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Are Australian Shepherds Good Apartment Dogs? Top Advice

  • Veterinarian Approved!

Can medium-sized, energetic breeds like the Australian Shepherd live inside apartments? It’s a great question, and one to consider carefully before getting your puppy. This article has everything you should know about Australian Shepherd’s living in apartments.

Australian Shepherds do make reasonably good apartment dogs as long as they receive plenty of exercise and time outside. Although having more space and a yard is preferable, they are a very adaptable breed.

Everything will be explained in full detail below.

Can Australian Shepherds Live Inside Apartments?

First of all, apartments range in size dramatically. It goes without saying that the smaller the apartment the tougher it will be for an Australian Shepherd to feel comfortable.

But that doesn’t mean it’s impossible. I know many people who own Aussies, Huskies, and even German Shepherds inside apartments.

To be honest, whether it’s possible or not, actually comes down to you and your day to day schedule. Not them…

Dogs are awesome at adapting to their environment, but you will need to take extra time out of your day to make it easier for them.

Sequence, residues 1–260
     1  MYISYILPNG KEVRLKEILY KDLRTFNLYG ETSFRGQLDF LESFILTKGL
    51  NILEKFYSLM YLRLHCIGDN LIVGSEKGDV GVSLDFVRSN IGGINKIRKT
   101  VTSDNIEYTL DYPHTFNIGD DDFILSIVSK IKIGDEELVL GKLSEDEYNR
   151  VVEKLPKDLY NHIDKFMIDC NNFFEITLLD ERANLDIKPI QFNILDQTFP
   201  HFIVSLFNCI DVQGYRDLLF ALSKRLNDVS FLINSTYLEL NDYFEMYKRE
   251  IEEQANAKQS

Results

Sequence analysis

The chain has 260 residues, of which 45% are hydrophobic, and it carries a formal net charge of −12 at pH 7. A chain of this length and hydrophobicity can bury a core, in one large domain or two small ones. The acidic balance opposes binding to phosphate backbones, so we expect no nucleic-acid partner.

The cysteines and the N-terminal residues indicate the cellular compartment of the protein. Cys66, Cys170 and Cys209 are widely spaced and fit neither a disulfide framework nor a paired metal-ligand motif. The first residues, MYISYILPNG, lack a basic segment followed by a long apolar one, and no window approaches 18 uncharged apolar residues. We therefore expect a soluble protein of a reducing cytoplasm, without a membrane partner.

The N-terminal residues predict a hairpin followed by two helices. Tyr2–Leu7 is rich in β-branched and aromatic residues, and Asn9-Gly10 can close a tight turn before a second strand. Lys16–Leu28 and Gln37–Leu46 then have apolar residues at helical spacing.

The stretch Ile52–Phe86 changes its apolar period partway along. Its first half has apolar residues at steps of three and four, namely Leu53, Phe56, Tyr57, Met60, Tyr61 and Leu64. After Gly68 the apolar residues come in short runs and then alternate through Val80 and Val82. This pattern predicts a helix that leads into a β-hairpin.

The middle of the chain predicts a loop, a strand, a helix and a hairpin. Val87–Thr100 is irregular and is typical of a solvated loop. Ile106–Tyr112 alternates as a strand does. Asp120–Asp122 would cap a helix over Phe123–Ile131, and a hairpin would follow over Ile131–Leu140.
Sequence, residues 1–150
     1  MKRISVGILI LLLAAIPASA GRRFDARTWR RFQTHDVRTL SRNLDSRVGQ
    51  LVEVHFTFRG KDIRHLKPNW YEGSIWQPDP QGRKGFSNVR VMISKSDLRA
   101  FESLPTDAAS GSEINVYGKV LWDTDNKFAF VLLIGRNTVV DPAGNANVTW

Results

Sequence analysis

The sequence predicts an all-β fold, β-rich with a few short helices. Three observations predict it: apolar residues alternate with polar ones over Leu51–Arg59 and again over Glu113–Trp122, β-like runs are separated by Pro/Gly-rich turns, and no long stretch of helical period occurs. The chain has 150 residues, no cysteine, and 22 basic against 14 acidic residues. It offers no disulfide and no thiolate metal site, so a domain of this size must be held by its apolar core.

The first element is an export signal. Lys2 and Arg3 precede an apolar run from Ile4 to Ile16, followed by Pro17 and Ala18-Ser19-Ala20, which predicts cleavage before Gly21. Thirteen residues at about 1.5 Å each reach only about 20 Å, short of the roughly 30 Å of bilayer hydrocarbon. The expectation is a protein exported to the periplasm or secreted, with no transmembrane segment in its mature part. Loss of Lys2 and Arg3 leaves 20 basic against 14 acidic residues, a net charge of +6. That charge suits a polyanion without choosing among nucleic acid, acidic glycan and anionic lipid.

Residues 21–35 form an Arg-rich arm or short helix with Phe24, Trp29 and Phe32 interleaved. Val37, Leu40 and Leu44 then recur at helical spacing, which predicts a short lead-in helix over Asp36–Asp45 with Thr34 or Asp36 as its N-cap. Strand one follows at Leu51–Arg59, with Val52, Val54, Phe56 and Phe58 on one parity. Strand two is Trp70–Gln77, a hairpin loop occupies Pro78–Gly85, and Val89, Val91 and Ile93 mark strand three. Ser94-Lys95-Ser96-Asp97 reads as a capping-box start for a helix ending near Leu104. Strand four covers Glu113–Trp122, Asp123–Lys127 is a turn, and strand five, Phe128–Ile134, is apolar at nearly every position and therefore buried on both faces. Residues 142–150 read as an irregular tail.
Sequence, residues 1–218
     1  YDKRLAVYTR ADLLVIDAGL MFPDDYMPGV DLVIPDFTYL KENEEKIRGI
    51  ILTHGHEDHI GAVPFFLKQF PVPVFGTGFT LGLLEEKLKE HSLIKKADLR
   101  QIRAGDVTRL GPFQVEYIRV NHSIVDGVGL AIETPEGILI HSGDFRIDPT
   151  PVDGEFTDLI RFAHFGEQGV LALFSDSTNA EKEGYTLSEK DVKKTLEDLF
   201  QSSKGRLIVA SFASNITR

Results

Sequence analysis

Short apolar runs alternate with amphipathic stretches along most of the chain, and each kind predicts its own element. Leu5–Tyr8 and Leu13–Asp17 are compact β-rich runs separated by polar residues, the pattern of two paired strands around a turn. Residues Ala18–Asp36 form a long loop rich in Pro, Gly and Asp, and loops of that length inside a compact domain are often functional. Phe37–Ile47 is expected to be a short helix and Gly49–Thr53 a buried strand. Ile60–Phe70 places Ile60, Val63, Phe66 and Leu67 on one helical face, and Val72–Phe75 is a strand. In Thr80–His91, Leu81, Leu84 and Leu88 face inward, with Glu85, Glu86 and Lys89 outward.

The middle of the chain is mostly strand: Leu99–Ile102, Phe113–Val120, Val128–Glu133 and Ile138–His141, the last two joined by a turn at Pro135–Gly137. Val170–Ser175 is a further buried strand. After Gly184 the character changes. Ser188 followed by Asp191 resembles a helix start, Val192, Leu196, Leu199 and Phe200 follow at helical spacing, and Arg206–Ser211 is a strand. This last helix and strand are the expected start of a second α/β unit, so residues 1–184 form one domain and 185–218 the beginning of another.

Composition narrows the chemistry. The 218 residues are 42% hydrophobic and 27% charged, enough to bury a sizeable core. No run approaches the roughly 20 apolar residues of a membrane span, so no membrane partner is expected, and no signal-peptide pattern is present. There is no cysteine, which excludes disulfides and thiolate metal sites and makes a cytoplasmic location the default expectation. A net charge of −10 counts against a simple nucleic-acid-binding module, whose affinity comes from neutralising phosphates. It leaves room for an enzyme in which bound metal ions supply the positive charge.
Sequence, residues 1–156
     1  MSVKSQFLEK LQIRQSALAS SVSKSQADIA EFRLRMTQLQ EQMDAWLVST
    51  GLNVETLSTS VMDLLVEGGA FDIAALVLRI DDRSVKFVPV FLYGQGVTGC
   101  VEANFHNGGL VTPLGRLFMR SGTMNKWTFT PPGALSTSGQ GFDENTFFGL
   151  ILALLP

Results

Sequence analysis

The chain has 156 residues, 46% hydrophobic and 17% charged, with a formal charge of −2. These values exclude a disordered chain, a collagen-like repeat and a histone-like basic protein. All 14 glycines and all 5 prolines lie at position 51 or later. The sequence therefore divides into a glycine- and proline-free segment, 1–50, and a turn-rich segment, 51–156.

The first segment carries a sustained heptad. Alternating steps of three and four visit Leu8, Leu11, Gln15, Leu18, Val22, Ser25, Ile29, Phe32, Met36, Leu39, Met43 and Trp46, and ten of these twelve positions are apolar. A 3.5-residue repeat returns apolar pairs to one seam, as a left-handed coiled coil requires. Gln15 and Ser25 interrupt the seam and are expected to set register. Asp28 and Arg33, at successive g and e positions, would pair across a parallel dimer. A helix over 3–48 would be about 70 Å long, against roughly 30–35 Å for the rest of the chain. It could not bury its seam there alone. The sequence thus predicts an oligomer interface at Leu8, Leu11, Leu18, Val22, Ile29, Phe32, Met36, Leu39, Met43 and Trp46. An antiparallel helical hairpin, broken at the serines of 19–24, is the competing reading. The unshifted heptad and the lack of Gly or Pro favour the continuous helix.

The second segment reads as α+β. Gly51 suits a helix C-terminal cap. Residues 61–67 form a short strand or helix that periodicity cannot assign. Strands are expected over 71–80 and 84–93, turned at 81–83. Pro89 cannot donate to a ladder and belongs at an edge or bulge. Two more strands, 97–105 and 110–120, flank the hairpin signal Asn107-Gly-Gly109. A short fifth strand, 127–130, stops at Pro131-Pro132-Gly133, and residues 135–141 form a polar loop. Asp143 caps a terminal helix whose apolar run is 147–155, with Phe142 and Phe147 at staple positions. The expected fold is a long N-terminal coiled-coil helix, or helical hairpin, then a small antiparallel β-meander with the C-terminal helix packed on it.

Apartments typically don’t come with a yard, so you will need to be available often enough to take them outside for potty breaks, leg stretching, and of course, exercise.

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The Importance Of Spending Time Outside The Apartment

In order for your Australian Shepherd to feel comfortable living inside an apartment with limited space, he’ll need to spend a lot of time outside of the apartment.

If you are able to take your Aussie out for at least an hour in the morning, at least an hour in the evening, with additional breaks outside throughout the day, he’ll be fine.

If this already sounds difficult to fit into your schedule, you may run into problems.

What you can’t expect is for your Aussie to be fine inside an apartment when he doesn’t get to spend adequate amounts of time outside, walking, running, exercising.

After all, you have to keep in mind that Aussies were originally bred on huge, wide-open ranches, helping farmers and herding cattle. These dogs are the opposite of couch potatoes!